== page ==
As a huge fan of the Harry Potter series, I believe that JK Rowling’s work is truly magical. The details of her books are so vivid; I can easily visualize myself walking through the Great Hall and watching first-years get sorted into their house. I have seen dragons and mermaids; I have heard the chugging of the Hogwarts train and the voice of Headmaster Dumbledore addressing the school. In my opinion, the most admirable quality of the books is that readers of all ages can enjoy them, as new generations continue to discover the magic of JK Rowling’s works. 

-Ayati M.

The works of J. K. Rowling, including biographies, are available for checkout from the Mission Viejo Library. They may also be downloaded for free from Overdrive.

Aru Shah and The End of Time by Roshani Chokshi

The novel Aru Shah and the End of Time by Roshani Chokshi is a story about a young girl named Aru Shah’s adventure through Indian mythology. Aru is a somewhat mischievous girl. All of Aru’s classmates from her private school go vacationing at exotic locations, while Aru is stuck at the museum in her Spiderman pajamas. As a result, Aru also has a bad habit of lying. 

The story begins at the Museum of Ancient Art and Culture which Aru’s mom curates. One day, three of Aru’s classmates show up at the Museum’s front doorstep, not believing that the Lamp of Bharata is cursed. Aru makes the poor decision of lighting the lamp, and turns her classmates into frozen statues. 

With the help of an annoying talking bird, Aru discovers who her biological father and her soul’s father is. Both are quite astonishing! The talking bird also introduces her to a girl named Mini (short for Yamini) who is just like her. With Mini’s help, Aru fights off demons, collects the items needed to reverse the spell of the cursed lamp, and even buys some Oreos from a Costco in another dimension. 

What I enjoyed about reading this book were the consistent references and allusions to Hindu mythology. Similar to how the Percy Jackson series by Rick Riordan is based on Greek mythology, this novel and its succeeding books are adventures based on Hindu mythology. I believe that both fictional and nonfiction books can teach readers something, and this novel is a wonderful example. With both humor, adventure, and an interesting plot line, I would recommend this novel to both children and adults!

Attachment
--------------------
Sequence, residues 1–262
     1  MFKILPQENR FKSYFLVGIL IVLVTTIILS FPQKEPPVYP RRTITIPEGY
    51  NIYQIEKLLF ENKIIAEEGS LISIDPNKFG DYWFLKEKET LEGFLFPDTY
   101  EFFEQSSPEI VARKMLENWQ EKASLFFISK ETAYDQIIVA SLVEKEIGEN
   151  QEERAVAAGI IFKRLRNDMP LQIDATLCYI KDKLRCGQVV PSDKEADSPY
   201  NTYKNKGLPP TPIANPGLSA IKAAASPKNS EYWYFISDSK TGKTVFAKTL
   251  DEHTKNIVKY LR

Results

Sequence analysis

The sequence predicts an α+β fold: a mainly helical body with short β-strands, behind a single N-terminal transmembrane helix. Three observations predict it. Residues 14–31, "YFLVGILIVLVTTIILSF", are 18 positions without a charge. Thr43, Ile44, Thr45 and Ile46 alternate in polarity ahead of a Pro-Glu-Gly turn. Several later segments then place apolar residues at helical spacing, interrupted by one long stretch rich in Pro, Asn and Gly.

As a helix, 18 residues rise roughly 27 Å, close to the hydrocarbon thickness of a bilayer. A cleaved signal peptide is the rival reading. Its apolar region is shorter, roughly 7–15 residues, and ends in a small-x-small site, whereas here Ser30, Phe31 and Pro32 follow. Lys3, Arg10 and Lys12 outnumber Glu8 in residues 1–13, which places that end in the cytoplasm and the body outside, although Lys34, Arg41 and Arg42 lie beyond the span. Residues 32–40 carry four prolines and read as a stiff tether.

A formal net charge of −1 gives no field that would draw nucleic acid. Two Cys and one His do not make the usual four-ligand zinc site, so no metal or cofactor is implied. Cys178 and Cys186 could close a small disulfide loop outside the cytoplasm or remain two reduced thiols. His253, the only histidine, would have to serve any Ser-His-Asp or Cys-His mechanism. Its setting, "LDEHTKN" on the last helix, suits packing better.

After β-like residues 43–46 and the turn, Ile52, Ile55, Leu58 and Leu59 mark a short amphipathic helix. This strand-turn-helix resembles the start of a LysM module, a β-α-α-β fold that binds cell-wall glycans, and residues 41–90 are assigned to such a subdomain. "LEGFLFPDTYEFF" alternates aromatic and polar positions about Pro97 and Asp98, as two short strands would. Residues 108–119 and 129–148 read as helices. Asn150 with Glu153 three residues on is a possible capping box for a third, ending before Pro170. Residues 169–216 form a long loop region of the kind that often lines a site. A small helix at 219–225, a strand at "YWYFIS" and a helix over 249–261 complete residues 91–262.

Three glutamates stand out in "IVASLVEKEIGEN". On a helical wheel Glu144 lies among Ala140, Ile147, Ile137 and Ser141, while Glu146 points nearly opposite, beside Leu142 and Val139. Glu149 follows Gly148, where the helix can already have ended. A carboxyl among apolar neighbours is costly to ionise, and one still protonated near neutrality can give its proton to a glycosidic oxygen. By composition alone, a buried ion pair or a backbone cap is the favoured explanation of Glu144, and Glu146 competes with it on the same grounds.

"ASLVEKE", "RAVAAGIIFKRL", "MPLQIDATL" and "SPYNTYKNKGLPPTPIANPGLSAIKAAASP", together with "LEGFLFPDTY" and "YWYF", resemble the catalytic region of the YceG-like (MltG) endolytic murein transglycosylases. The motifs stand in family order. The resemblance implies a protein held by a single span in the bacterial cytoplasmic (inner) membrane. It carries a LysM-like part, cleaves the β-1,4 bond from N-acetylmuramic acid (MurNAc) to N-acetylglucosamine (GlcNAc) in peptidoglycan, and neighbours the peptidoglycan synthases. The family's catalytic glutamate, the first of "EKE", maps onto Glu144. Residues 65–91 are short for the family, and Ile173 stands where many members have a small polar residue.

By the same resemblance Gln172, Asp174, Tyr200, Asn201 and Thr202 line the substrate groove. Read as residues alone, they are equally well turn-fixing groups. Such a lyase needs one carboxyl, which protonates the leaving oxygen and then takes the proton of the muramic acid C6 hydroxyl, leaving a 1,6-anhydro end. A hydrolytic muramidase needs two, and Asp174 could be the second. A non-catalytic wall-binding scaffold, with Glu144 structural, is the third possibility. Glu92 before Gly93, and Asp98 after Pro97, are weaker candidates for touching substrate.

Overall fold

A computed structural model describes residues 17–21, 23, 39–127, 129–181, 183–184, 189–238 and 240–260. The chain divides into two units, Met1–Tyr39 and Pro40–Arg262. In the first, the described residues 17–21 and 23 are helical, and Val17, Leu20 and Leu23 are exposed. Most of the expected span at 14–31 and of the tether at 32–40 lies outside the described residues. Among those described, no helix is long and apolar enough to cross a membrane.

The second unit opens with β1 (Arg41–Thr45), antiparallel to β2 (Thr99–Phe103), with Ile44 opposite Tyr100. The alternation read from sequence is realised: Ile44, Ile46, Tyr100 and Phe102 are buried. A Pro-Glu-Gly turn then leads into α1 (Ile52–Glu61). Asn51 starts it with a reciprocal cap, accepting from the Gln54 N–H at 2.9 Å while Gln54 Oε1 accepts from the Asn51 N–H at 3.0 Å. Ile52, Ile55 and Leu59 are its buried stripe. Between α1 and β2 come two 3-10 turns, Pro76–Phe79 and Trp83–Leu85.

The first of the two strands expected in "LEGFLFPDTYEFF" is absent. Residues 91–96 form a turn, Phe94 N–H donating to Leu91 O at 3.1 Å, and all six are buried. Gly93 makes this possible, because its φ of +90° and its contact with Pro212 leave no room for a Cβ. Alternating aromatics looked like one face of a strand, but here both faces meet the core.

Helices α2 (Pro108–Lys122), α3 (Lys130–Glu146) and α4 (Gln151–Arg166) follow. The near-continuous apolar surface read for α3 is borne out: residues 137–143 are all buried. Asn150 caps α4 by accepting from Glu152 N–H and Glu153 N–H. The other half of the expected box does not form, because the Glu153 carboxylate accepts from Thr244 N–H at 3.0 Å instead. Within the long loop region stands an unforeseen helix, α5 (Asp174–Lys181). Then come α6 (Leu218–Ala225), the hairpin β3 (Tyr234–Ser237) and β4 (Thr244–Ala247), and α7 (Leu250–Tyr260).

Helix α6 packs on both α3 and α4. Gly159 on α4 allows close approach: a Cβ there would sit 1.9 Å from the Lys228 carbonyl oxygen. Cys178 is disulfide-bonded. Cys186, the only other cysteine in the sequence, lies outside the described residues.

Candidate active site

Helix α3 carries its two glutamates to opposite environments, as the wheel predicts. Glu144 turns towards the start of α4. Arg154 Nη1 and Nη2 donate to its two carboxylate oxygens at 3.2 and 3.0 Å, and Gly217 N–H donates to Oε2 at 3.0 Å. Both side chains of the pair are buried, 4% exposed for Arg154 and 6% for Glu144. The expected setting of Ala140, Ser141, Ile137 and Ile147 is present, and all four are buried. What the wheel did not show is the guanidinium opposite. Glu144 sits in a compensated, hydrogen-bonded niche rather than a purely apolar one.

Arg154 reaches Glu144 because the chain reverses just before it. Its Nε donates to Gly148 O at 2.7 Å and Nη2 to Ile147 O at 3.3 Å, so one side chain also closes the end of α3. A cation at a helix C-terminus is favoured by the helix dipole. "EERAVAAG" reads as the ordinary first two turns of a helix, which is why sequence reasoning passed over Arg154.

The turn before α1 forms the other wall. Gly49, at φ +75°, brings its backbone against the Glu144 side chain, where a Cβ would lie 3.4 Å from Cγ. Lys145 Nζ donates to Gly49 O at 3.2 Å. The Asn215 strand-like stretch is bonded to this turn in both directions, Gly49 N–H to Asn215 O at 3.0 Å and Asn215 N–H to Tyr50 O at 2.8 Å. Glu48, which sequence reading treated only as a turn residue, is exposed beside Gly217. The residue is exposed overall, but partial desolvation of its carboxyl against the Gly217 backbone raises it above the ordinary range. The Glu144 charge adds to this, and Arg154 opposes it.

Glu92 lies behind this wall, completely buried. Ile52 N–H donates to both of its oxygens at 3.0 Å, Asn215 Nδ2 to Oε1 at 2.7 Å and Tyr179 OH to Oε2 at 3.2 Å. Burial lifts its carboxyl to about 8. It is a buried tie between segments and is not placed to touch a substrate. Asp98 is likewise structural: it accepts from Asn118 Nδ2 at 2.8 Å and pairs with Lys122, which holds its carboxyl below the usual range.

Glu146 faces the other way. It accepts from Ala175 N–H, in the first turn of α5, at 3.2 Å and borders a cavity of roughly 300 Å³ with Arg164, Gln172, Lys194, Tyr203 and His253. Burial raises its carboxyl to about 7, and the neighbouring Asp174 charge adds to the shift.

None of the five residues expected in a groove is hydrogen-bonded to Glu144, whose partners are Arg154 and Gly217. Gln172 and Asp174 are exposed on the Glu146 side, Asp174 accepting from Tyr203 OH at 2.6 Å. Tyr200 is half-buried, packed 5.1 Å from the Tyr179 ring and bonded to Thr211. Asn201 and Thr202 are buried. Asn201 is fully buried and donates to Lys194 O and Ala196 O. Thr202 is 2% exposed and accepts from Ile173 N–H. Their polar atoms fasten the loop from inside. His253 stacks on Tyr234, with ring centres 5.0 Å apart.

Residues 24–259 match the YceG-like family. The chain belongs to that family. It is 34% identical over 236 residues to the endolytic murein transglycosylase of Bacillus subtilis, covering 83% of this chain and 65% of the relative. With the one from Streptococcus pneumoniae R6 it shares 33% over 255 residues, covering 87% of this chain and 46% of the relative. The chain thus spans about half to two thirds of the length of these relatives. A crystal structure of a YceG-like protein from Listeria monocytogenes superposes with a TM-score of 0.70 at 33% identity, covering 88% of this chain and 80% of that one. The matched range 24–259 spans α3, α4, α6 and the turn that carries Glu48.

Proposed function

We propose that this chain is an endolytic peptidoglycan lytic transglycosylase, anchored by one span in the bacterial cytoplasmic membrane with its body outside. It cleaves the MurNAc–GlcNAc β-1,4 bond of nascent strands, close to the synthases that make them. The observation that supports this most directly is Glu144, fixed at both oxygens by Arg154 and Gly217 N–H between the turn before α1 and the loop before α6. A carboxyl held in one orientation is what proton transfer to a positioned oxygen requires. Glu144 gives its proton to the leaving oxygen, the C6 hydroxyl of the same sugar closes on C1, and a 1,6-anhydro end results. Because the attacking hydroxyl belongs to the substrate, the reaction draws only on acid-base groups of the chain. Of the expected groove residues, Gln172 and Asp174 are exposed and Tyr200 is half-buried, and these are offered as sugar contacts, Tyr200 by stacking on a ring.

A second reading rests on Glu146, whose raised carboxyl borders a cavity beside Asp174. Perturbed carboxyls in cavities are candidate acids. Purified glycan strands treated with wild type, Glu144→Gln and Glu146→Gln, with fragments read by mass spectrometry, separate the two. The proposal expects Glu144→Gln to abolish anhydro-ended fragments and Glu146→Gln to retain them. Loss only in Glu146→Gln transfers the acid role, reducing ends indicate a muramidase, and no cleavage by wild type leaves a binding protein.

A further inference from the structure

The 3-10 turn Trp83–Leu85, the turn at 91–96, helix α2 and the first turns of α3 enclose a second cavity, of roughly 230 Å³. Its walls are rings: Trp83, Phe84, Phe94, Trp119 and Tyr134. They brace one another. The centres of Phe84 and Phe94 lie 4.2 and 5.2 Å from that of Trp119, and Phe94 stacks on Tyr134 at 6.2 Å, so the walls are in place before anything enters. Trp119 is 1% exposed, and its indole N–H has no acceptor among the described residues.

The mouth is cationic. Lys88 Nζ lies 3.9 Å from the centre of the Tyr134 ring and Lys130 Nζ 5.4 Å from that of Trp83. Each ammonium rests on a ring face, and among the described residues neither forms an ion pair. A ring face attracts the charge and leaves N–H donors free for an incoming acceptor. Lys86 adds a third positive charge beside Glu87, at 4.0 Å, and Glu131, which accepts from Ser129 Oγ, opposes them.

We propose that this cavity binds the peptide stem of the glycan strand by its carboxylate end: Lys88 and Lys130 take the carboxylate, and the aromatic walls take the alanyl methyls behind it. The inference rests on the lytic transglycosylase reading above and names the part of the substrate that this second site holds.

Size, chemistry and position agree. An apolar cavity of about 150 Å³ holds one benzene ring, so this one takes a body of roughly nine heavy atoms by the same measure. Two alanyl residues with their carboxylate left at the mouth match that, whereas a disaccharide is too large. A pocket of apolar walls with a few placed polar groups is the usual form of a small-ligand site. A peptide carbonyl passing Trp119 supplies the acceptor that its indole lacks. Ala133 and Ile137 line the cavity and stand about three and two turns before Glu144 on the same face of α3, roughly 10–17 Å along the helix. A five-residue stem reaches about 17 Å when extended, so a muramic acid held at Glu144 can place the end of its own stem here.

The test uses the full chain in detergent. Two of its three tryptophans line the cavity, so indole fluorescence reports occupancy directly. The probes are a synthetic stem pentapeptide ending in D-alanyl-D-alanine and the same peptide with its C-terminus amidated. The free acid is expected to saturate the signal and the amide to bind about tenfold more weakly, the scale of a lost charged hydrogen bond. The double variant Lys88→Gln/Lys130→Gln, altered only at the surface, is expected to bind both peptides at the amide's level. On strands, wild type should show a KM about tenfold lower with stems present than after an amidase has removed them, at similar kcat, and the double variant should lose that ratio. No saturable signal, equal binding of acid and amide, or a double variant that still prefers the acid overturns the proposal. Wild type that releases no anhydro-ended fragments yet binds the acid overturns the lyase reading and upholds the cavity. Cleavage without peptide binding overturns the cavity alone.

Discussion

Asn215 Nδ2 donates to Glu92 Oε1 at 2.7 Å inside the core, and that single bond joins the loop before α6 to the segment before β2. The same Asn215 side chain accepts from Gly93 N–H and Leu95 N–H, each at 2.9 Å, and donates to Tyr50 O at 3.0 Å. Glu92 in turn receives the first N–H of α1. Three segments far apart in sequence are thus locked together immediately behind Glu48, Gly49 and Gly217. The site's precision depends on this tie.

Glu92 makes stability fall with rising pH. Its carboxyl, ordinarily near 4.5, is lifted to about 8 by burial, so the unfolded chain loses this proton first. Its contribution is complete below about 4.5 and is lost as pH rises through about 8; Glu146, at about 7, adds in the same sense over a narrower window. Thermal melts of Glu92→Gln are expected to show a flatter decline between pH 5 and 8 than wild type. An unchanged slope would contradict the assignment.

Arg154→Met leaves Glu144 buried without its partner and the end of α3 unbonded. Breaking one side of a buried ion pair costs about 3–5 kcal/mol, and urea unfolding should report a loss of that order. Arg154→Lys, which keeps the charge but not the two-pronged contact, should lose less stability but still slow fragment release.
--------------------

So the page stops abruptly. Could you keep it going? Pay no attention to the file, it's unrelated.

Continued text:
-Ayati M.

Aru Shah and The End of Time by Roshani Chokshi is available for checkout from the Mission Viejo Library. It can also be downloaded for free from Overdrive.

Of Mice and Men by John Steinbeck

The novel Of Mice and Men by John Steinbeck is a well-known classic, and it narrates the story of two migrant workers named George and Lennie. George and Lennie are best friends, and readers quickly realize that Lennie has a slight mental disability. Nevertheless, George and Lennie’s bond is one of the strongest of the literary world, and their story helps readers understand the lives of migrant workers during the Great Depression as well as the Dust Bowl.

Before reading this novel, I highly recommend doing some research on the Great Depression, for so many influential literary works have references or settings relating to the Great Depression, the Dust Bowl, etcetera.

In Of Mice and Men, Steinbeck cleverly implements many literary devices to convey the story of these two best friends into readers’ hearts. Some of the most prevalent themes in the book include friendship, loneliness, dreams, and more. This book also has a multitude of significant symbols, as well as meaningful characterizations, clever allusions, foreshadowing and quotes.

Personally, I think that the best part of reading this book was the remarkable theme of loneliness. Almost every single character in the story contributes to the development of this theme. 

As I mentioned before, this story takes place during the Great Depression and allows readers to visualize life for migrant workers. These workers mostly travelled alone from place to place (hence the “migrant”). Through the dialogue and actions of other characters, readers understand that George and Lennie’s bond is remarkable, but very unusual, and the theme of loneliness is further emphasized.

The novel Of Mice and Men by John Steinbeck is a phenomenal piece, and I would recommend this book to avid readers in high school and above.

-Ayati M.

Of Mice and Men by John Steinbeck is available for checkout from the Mission Viejo Library. It can also be downloaded from Overdrive.

The Ballad of Songbirds and Snakes by Suzanne Collins